Ask just about anyone what their fitness goals are and you’ll probably hear something about wanting six-pack abs.
Everyone wants a flat, toned stomach, but few people actually have one. It takes a lot of discipline and the right combination of exercises to achieve a midsection like the ones you see in fitness magazines. You also have to make sure you’re not accidentally sabotaging your progress.
If you’re desperate for six-pack abs and aren’t seeing results, take a step back and make sure you’re not making one (or more) of these four common core training mistakes.
#1. You Do Crunches Incorrectly
When you think of exercises that will help you attain the elusive six-pack, one of the first ones that come to mind is probably the infamous crunch.
Crunches have been demonized in the past, but new research from the American Council on Exercise actually shows that they activate more muscles than many other popular abdominal exercises. The crunch can definitely be included in an effective core training routine — just make sure you’re doing them properly.
When you’re doing crunches, keep these cues in mind:
- Lie flat on your back and place your feet against the wall — your knees and hips should form a 90-degree angle
- Pull your abdominal muscles in as you lift your head and shoulders off of the floor
- Cross your arms over your chest instead of placing them behind your head — this helps you avoid stressing out your neck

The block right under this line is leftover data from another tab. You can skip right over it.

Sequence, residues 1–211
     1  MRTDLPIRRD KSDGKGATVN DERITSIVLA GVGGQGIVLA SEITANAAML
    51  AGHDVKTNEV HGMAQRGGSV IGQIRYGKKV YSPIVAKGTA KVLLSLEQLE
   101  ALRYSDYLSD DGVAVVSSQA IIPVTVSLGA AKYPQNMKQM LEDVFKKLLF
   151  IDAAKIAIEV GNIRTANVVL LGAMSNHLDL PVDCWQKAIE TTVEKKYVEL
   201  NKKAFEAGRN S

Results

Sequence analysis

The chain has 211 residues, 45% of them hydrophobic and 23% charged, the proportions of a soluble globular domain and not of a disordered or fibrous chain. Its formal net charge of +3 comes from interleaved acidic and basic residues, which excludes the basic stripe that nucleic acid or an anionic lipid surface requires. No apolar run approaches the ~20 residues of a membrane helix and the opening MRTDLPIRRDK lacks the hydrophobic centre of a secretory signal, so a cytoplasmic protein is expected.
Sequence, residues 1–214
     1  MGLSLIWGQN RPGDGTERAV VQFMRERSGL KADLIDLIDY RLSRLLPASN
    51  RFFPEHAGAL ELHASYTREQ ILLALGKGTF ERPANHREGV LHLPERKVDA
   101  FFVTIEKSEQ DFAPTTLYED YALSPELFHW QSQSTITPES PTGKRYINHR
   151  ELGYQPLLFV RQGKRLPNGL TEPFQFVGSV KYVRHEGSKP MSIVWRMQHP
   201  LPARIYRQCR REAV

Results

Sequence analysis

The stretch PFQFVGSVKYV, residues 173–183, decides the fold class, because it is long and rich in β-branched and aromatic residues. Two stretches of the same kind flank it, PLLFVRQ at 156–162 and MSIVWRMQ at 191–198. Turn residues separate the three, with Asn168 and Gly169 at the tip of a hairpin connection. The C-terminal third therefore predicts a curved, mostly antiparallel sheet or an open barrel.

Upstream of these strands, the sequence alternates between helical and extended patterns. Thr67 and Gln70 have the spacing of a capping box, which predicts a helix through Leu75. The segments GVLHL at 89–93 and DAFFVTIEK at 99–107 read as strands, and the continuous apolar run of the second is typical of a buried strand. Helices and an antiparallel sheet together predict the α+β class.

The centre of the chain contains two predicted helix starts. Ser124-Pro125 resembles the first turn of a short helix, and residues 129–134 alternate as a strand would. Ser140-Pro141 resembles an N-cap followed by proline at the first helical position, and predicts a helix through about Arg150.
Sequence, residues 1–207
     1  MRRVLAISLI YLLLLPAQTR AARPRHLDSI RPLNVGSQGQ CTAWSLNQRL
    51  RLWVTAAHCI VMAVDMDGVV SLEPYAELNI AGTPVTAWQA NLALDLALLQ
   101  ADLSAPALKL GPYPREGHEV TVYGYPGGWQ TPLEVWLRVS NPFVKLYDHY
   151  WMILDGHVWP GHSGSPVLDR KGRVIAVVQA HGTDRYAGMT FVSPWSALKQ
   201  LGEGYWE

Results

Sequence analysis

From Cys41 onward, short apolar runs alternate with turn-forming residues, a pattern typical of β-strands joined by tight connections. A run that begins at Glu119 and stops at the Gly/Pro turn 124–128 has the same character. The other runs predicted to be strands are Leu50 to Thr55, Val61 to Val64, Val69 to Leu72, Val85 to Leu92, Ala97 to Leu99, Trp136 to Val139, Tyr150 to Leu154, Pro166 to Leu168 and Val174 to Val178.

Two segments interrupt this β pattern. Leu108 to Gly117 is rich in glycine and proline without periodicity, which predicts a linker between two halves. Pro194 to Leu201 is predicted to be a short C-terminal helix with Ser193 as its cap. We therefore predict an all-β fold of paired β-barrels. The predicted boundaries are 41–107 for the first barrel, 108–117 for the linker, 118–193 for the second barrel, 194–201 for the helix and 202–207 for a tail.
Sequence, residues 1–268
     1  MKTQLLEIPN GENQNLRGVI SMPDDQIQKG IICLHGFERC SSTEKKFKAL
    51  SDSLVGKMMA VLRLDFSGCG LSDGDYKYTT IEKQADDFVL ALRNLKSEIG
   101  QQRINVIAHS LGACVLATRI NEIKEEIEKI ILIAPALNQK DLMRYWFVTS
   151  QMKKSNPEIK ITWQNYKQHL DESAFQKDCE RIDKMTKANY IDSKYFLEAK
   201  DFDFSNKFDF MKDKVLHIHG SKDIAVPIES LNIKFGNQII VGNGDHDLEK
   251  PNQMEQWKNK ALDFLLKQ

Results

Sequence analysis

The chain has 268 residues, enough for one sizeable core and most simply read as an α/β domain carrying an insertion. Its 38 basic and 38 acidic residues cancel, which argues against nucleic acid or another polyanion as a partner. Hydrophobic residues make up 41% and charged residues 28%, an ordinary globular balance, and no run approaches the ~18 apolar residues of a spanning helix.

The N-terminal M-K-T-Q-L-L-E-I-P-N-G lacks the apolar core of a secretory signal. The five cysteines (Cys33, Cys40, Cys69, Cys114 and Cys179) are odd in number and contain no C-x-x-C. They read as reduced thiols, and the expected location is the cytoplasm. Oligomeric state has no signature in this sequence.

- Hold the “crunched” position for a few seconds, then lower yourself back down to the ground
Move deliberately and focus on form. Don’t just move as fast as you can to get through the exercise.
#2. You Save Core Training Until the End of Your Workout
Most people also have a habit of training their core at the end of their workout. Some people do this because they’re worried about fatiguing their core early on and not being able to support their spine effectively during more challenging exercises.
The good news is that you don’t have to totally fatigue your abs to get a good core training session in.
And, doing a couple of core training exercises at the beginning of your workout can actually help you prepare your core and “wake it up” so that you can use it more effectively during those challenging exercises.
Try adding in planks, bird-dogs, or some crunches to your warm-up and see if it helps you brace your core better when you squat or deadlift.
#3. You Use the Wrong Tools
There’s a lot of equipment out there that’s meant to help you train your core. The bad news, though, is that a lot of it isn’t very effective.
Some tools that you should stay away from when you want to train your core effectively include:
- Seated sit-up machines
- Seated twist machines
- Back extension machines
Basically, steer clear of machines that are designed to work your abs. They could cause you to injure your back, and they’re rarely going to be as effective as using your own bodyweight.
There are some pieces of equipment that do help you challenge your balance and engage your core better.
Items to consider including during your core training sessions include:
- Balance discs
- Swiss balls
- Medicine balls
- Ab rollers
- Resistance bands
#4. You Do the Same Moves Every Single Time
Your core is just like any other muscle group in the body. When you do the exact same exercises in the exact same way, they’re going to adapt and stop getting stronger.
If you want to have defined, six-pack abs, you need to switch things up every few weeks to keep seeing results.
There are lots of things you can do to add variety to your core routine.
In addition to adding in new exercises (if you’ve been doing lots of crunches, do some planks or ab rollouts instead), you can also play with the number of reps and sets you do.
You can also increase the duration of the exercise when doing isometric holds, or you can increase the load by using a thicker resistance band when doing exercises like Pallof Presses.